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Surrey mayor wants tougher sentences for having illegal guns

Concerned by gun crimes in her city and across the country, Surrey Mayor Dianne Watts has asked Ottawa to impose tougher sentences for illegal gun possession and to boost programs aimed at stemming the flow of illegal guns from the United States into Canada.

"I am requesting the Federal Government toughen sentences and increase mandatory sentences for the illegal possession of a firearm," Ms. Watts wrote in a January 20 letter to federal Justice Minister Rob Nicholson.

Ms. Watts also called for tougher sentencing for repeat drug offenders. "I am also advocating for new provisions which stipulate that prior drug convictions be an aggravating factor resulting in more severe mandatory sentences."

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In the letter, which was also sent to federal Public Safety Minister Vic Toews and B.C. Attorney-General Shirley Bond, Ms. Watts also calls on the federal government to step up co-ordination with U.S. authorities on the guns issue.

"We know the vast majority of guns enter the country through land border ports, and Surrey has the second-largest border crossing in Canada," Ms. Watts wrote. "Increasing efforts to prevent gun smuggling will help reduce death, injury and criminal activity."

Gun and gang violence is an ongoing issue in the Lower Mainland, with a recent killing putting the issue once again into the spotlight.

Sandip Duhre, 36, of Surrey was shot in a Vancouver hotel restaurant on January 17, in Vancouver's first homicide of 2012. Police say it was a targeted, gang-related hit and are investigating whether a Surrey shooting two days later that left one man dead and another wounded is related.

"There has to be more severe punishment for the possession of firearms," Ms. Watts said in a recent interview. "If someone is in possession of illegal firearms, it's going to be used for a crime somewhere down the road.

"So there has to be a deterrent for the possession of those illegal firearms."

Mandatory sentences are a controversial law-enforcement tactic, with some research suggesting they do not result in fewer crimes or serve as a deterrent.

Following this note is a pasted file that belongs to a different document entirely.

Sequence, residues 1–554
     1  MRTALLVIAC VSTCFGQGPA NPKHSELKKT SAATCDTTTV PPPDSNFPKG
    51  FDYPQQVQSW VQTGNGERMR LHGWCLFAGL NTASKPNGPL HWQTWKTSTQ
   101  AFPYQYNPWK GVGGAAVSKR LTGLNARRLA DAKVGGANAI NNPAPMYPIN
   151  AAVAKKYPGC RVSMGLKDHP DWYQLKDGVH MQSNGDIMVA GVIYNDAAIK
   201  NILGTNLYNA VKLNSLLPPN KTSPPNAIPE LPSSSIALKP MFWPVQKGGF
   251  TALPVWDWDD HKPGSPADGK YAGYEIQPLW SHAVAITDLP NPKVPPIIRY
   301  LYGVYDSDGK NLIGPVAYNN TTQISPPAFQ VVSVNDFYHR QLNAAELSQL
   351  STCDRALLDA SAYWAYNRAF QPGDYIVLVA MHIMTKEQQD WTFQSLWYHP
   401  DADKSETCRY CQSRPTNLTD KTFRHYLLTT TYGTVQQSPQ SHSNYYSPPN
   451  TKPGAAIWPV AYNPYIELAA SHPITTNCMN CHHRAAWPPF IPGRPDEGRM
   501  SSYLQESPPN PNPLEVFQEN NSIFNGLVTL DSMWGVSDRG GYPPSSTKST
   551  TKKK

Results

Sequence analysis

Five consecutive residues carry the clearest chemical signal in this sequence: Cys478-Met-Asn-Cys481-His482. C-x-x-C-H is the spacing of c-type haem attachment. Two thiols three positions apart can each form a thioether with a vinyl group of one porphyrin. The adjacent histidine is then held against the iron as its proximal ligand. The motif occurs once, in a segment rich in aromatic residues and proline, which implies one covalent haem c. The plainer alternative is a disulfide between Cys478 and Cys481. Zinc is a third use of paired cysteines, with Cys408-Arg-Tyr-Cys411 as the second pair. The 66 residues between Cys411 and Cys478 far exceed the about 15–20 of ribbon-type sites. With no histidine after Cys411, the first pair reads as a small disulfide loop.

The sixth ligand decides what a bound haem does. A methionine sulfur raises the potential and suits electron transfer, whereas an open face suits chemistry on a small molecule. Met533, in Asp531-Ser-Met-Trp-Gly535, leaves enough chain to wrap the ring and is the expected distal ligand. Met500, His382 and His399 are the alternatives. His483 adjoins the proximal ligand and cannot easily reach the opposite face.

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In 2010, 184 firearms – including 109 handguns – were seized in the Pacific Region, including Surrey, according to the Canada Border Services Agency. The next-highest tally was in the southern Ontario region, where 171 guns were seized.

Most of the firearms seized by the agency come from the United States and most of the handguns are seized as a result of U.S. travelers neglecting to declare their personal firearms, an agency spokeswoman said in an e-mail.

"CBSA's focus is on the prevention of illegal firearms and improving the collection, analysis and sharing of intelligence and other information related to firearms," the spokeswoman said. "We work closely with other law-enforcement agencies, as well as with international partners to develop detailed analysis of intelligence and enforcement actions, in order to develop a better understanding of the nature of firearms trafficking."

Ms. Watts was first elected as mayor in 2005 after serving nine years on council and was elected for a third term last year.

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About the Author
National correspondent

Based in Vancouver, Wendy Stueck has covered technology and business and now reports on British Columbia issues including natural resources, aboriginal issues and urban affairs. More

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